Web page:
Sushi, ramen and poutine doesn’t sound like your typical Asian food combination. But now it’s reality at one new Asian fusion joint.
The District is mixing up its Asian food offerings with two new restaurants devoted to fusion: Sakerum and Haikan.
Sakerum, located on 14th Street, is a sushi joint that combines the flavors and textures of Asian and Latin cuisines in a classy setting, which includes rooftop seating.
Haikan, located in the Shaw neighborhood just a few blocks from the Shaw-Howard University Metro stop, serves ramen and Japanese-style poutine and is more of a neighborhood hangout — less upscale than Sakerum.
I sampled dishes from both restaurants, and here’s how each stacked up when comparing decor, food and service.
While Sakerum is still refining its service — the wait for food was longer than at Haikan — its balance of flavors from Asian and Latin foods has promise.
Pricier than Haikan and with a more upscale atmosphere, Sakerum diners were mostly dressed in business casual attire and the wait staff was formal with customers.
With most rolls ranging from $15 to $18, I sampled the salmon tataki roll ($15). The mixture of flavors was unique, with lump crab salad, pickled mango, tempura shisho, salmon, lemon and wasabi. I was tempted to try the Kazan roll, a classic filled with shrimp tempura and avocado and topped with baked spicy crab salad.
I dined on the indoor lower level of the restaurant, which is dimly lit and intimate with exposed brick walls and circular booths. I stopped by the rooftop dining area to experience the atmosphere, and it felt like a whole different restaurant. It’s brighter, and the seating includes a long, dark wooden bench with throw pillows and tables arranged along it. The rooftop is a great place to enjoy the uniquely named and mostly rum-based cocktails, like Sex Machine and Pirate’s Creed.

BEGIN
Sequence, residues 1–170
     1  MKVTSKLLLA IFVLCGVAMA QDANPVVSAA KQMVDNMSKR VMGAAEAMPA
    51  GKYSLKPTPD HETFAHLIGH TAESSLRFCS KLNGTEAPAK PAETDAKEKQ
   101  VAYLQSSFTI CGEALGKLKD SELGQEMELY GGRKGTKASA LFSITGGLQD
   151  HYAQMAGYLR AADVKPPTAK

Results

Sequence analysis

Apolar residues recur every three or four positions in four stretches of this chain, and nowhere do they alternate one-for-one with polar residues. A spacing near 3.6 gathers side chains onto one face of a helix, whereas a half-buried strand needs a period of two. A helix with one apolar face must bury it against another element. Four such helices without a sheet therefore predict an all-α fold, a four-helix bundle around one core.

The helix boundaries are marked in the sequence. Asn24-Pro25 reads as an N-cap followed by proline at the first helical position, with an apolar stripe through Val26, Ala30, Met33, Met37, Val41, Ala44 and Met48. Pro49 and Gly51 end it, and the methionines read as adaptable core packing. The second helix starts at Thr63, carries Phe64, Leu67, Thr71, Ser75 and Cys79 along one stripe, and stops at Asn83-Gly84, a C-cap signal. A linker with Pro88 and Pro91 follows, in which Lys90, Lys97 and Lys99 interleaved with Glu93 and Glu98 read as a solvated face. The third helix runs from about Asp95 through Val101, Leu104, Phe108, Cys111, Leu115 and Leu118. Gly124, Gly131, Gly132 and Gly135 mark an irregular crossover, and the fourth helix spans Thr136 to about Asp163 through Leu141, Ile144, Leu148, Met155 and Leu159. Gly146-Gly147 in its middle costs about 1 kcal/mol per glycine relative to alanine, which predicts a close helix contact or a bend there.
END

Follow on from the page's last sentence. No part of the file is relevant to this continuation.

I got to Haikan right as it opened for dinner at 5 p.m. Its 70’s vibe is apparent in its pastel decor and indie pop music selection, and customers were dressed casually. Wait staff chatted with the customers easily, as if they were regulars.
I ordered the shoyu ramen ($12.75) as it came with no additions, but Haikan allows customers to add in butter, extra noodles or nitamago (seasoned egg) for 35 cents to $2.50 extra. The stock is based in soy sauce, but I didn’t find it too salty. The mix of pork with scallions and carrots provided a balance of flavors, and the noodles — custom-made in Japan — were satisfying to slurp.
Other items on the menu include mapo tofu poutine ($8.50), which has tofu set in a spicy chili and includes french fries, ground chicken, mozzarella and ground Szechuan peppercorn.
When it comes to where I’d go again, Sakerum edges its way to the top. Although there are several places in the District to get great ramen, including Sakuramen and Daikaya, not many other places offer upscale sushi. And you can’t beat the classy rooftop vibe.